Top 10 Attractions in Spain
Spain is a crossroads of cultures and styles, where Romans, Jews, Moors and Christians left their mark, along with a rich trove of treasures for generations to enjoy. There are architectural wonders and eye-popping museums, both ancient and modern, and colorful market towns and islands in the sun. But among the best and most popular attractions in Spain, here are the top 10:
Gaudí’s Architecture in Barcelona
At the forefront of 19th-century Modernisme was Anton Gaudí, an architect who used the city of Barcelona as the medium for his creations. Start at the undulating Casa Mila, Gaudí’s former home and now a museum of his work. Follow the walking tour throughout Gaudí’s Barcelona, which includes the whimsical Parc Güell and the artist’s most famous work, the Sagrada Familia.
The Alhambra of Granada
The Alhambra is Granada's crown jewel. In fact, no trip to Spain is complete without a trek to this Moorish marvel. An earthen-colored castle of palaces and gardens built under the Nazari Dynasty in the 14th century, the Alhambra was the site of the Moors’ final stand in 1492 when this, the last Arab city, fell to the Christians.
Museo Guggenheim of Bilbao
Architect Frank Gehry’s daring and controversial titanium masterpiece straddles the Nervion River in the industrial city of Bilbao and is home to a revolving collection of notable 20th-century avant-garde art, including works by Kandinsky, Paul Klee, Cezanne, Picasso, Warhol and Pollock.
Disco in Ibiza
Ibiza is Europe's party central. Uninhibited is the first word that comes to mind when contemplating a trip to this Balearic Island. In fact, there is a reason why E! and MTV have shot so many exploitative features on this place. However, the good times don’t come cheap.
Museo Del Prado of Madrid
The Museo Del Prado is quite possibly Madrid's foremost attraction. For here is not only the undisputed repository of the rich horde of Spain's art treasures, but the largest art gallery in the world. There are well over 8,600 paintings and sculptures here, of which there is room to show only a fraction!
El Greco’s Toledo
Formerly Spain’s capital during the rule of the Visigoths, many proclaim Toledo as El Greco’s city. His most famous paintings, Burial of the Count Orgaz and View and Plan of Toledo, pay homage to his adopted home. Few Spanish towns are so well preserved in their historical architecture.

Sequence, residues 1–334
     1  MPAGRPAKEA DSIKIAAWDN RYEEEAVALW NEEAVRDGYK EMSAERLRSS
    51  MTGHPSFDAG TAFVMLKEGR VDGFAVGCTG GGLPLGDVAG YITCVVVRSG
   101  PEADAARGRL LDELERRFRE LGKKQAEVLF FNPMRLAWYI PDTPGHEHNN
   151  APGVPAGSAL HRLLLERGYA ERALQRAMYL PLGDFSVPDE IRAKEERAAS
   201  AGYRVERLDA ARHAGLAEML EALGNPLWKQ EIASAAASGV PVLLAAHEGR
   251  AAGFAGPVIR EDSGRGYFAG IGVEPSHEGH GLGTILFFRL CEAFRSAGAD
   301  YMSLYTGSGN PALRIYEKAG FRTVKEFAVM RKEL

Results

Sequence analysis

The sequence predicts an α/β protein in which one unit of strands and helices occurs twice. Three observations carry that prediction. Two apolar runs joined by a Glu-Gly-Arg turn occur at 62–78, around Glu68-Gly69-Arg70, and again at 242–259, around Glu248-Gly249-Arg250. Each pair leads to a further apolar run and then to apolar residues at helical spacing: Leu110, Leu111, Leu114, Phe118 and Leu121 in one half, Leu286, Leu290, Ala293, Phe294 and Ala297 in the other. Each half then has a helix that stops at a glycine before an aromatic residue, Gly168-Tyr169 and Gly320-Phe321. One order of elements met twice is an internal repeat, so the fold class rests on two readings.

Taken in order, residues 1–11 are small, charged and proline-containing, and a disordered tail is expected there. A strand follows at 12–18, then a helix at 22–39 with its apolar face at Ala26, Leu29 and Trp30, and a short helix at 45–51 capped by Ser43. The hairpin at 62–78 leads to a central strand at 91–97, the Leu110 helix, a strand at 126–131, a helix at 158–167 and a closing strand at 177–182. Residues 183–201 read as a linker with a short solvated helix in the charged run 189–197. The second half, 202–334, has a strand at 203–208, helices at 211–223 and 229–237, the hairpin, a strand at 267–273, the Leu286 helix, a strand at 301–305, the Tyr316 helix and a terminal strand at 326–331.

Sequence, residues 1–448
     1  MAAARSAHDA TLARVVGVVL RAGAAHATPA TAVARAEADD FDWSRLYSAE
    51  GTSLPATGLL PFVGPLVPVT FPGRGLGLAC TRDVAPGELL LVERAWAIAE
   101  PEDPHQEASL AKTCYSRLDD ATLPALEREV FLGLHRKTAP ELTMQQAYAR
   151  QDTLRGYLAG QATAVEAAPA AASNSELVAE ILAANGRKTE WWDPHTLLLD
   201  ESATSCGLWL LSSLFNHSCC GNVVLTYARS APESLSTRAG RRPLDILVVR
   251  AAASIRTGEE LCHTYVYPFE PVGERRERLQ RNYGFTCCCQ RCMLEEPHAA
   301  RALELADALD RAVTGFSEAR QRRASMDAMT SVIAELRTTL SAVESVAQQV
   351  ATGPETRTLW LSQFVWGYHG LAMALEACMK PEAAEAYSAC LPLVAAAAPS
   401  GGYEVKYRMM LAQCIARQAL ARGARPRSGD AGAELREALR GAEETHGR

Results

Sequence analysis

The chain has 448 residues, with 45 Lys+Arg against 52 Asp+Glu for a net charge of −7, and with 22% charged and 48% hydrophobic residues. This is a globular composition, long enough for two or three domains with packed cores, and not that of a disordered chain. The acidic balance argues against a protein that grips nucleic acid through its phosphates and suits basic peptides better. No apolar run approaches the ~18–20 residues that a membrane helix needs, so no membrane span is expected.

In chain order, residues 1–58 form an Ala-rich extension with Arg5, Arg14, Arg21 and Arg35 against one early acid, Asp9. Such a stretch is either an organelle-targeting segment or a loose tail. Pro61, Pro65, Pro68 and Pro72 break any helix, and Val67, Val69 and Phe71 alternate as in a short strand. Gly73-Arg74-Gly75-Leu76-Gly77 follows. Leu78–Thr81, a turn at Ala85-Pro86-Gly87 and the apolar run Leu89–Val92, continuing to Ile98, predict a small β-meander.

Flamenco Music in Andalucía
Avoid the touristy, staged flamenco shows and flamenco cafés that lack what the Spanish call duende. Real flamenco echoes throughout the cities of Andalucía in places, and at times, you would least expect it. The best opportunities to see good flamenco are in the caves of Granada and at flamenco festivals during the summer, as well as at fairs (ferias) held during the spring, summer and early fall. Or just follow the sounds of Spanish guitar, rhythmic clapping, and soulful melodies that ring in your ears around midnight.
Salvador Dalí’s Art in Figueres
Figueres is full of illusions and surprises, the legacy of its late native son, artist Salvador Dalí. Interpret his surrealistic art and maybe even lose your mind at The Dalí Theatre Museum, the self-proclaimed “largest surrealist object in the world."
La Mezquita of Córdoba
All streets in Córdoba seem to converge on La Mezquita, an eighth-century Moorish mosque that, after several additions, now stands as one of the largest in the Islamic world.
The centuries-old Baños Arabes just below the Alhambra in Granada are some of the last operating Arabic baths in Spain. Amidst mesmerizing Arabic melodies and spicy incense, tourists and Spaniards alike indulge their senses with warm mineral baths, chilling mountain pools and sedating massages. A typical treatment costs about 8 euros and could last as long as two hours.
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